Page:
Wednesday, December 26, 2018

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Update Asus BIOS Motherboard

Update Asus BIOS Motherboard

One of the most common questions you get from people is "How do I update my BIOS?" So to start this article with an unexpected answer, I will say this: You do not do! In the vast majority of cases, there is no reason to update your BIOS. You do not want to do this every time you encounter a problem, because in most circumstances, it will not fix the problem. You definitely do not want to update the BIOS system when nothing happens wrong, because you ask for problems only. Are you likely to cause problems? Is there a risk involved? Yeah. In addition, updating the BIOS will clear all saved CMOS settings, and the updated BIOS will not match any saved profiles. It's part of a process, so it's definitely not something you want to do for a whim. Finally, if you have a system that has any overclocked settings, these settings may not work with an updated BIOS. Changes may make the settings incompatible, and there is no way we can make sure that a certain set of overclocked settings will be trusted with an updated BIOS.
Update Asus BIOS Motherboard


However, there are certainly some situations where a BIOS update is a good idea. If you are having a specific problem with BIOS update patches, look for them. The only problem is that most motherboard manufacturers leave their own update updates mysteriously vague. Instead of mentioning exactly what they specify, they usually have something like "CPU compatibility upgrades" or "stability fixes." This is frustrating, because it hides changes made in the BIOS update. The only way to find out if someone will fix your problems will be to ask someone to know. This is where we get to. The general rule is, if you've got one of our motherboards, and you're having a problem fixed by the BIOS update, we'll have heard of it. There are not many of these types of problems, so if you are unsure, contact us and ask us.

So far after we've covered it, you've reached us, we recommended updating the BIOS. what should I do? First, we need the right tools. You will need a thumb drive. It's better to be blank, but as long as you do not have a set of files, you should be fine. Connect it to a USB port on the back of the computer. You will also need to get the BIOS screen shots at hand. 

After you sign in, you'll need to click your order in "My Quotes" (ask your delegate if you're not sure) and click the "Photos" button at the top.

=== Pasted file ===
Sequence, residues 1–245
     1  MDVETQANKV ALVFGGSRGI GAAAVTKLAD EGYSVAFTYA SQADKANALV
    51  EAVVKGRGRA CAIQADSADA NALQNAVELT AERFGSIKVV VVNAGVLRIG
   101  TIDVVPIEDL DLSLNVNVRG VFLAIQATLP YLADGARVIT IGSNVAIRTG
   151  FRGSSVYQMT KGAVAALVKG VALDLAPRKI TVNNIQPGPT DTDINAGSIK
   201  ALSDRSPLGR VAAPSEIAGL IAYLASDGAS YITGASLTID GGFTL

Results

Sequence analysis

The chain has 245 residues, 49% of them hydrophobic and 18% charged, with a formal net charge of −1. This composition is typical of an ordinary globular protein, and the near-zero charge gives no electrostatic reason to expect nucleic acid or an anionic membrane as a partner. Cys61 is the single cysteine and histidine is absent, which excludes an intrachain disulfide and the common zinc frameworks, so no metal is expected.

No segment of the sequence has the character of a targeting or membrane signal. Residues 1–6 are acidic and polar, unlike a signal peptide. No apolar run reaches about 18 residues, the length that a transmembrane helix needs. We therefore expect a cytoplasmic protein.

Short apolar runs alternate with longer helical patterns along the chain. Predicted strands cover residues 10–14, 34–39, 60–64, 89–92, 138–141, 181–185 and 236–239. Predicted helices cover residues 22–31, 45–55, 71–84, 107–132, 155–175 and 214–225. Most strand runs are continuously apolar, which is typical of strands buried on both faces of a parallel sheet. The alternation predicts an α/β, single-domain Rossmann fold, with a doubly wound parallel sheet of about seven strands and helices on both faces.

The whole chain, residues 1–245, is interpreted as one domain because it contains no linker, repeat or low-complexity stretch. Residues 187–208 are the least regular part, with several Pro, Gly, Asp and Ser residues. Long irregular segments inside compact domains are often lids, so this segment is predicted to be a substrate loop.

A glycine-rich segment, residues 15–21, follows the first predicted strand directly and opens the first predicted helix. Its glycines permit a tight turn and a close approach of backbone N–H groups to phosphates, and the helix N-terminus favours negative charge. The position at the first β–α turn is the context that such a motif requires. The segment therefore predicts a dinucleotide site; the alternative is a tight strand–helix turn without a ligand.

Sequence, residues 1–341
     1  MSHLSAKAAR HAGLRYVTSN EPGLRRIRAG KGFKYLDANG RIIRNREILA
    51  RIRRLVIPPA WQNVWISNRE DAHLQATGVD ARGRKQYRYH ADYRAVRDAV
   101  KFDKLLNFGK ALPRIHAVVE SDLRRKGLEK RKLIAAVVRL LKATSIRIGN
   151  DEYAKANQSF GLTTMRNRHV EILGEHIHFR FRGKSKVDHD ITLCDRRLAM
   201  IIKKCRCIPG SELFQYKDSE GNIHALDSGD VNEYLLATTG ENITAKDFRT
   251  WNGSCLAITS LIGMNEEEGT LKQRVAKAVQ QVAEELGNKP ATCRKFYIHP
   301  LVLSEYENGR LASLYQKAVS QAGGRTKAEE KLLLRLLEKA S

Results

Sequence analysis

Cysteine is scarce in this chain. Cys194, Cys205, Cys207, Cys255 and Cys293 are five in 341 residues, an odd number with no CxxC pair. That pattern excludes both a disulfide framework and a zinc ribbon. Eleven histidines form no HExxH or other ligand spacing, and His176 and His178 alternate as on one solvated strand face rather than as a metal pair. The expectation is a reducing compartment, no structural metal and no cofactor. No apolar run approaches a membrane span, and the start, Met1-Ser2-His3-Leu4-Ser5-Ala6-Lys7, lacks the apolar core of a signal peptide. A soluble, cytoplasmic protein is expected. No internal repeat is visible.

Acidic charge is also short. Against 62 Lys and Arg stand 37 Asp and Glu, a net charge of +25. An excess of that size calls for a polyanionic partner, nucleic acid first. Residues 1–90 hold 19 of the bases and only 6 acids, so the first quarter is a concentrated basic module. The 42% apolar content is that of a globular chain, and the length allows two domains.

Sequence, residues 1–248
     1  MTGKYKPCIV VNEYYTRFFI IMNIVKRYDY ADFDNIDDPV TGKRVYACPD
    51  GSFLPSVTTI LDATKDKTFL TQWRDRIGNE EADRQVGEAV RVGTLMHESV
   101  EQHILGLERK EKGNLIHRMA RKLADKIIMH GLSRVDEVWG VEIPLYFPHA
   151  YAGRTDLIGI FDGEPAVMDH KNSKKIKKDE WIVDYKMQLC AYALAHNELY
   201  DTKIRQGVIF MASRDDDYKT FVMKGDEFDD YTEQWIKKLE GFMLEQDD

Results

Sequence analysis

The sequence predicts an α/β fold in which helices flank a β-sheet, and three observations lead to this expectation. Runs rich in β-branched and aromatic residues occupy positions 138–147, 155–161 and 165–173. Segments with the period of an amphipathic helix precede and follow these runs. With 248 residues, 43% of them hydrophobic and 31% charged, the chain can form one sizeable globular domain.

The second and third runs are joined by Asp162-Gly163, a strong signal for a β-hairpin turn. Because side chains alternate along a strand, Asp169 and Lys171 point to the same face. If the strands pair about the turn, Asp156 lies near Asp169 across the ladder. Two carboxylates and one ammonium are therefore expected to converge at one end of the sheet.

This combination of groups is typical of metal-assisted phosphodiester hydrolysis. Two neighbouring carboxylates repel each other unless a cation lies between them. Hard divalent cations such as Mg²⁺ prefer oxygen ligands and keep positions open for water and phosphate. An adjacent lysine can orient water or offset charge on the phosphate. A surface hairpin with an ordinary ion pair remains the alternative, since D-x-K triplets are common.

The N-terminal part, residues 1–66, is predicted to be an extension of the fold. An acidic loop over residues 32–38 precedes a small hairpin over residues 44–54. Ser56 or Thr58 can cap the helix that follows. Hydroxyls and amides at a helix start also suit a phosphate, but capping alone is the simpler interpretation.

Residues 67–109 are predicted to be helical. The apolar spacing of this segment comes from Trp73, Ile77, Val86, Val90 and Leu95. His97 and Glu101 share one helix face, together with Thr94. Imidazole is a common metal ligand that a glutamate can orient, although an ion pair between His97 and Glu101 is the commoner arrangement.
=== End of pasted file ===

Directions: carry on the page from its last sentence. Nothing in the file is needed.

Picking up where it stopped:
Scroll down a bit and you'll see a list of BIOS screen shots, plus a link to download them all as a zip file. You do not need them now, but you'll need to save them to another phone / computer or print them so they're handy at a later time.

After that, you'll want to get the latest version of the BIOS. Usually you get it from motherboard manufacturer. If you have a Puget computer, the support delegate will give you a link to the latest version of the BIOS. Download it. It will be a compressed file. Find it in the Downloads folder, then right-click and extract it. The extracted file will end with the file type ".CAP". You will need to copy this file to the drive that you connected.

(Bit of the warning here, if you use the motherboard "X79" or "Rampage IV", you may need to go to another different way because of the ROM format to convert the CAP format. "X79" or "Rampage IV" in the motherboard name.)

Here comes the fun part.

Restart your computer and click delete to access the BIOS. You want to right-click when you hear a POST message indicating that the system has started normally. You should get a screen similar to the one below.

Next, you'll go to the Tools menu. You'll see something similar to the image under this. One option will be the Asus EZ Flash Utility. Select it and hit Enter!

Finally, we will get something like that. This will insert a set of drives on the left and files on the right. These parts are a bit tricky. You'll need to use the arrow keys and tab to select each drive until you find one in the .CAP file. Select this drive, then go to the .CAP file and press Enter. You will be prompted to confirm that you have received the correct file. Say it then wait! The update will continue on its own, and eventually the system will restart.

Once the system restarts, you will need to go back to the BIOS again to restore the settings. Remember those photos we saved earlier? You'll want to go back to it. Restart, and click Delete to access the BIOS. The BIOS can show a preview that says "Press F1 to enter setup". If so, just click on it.

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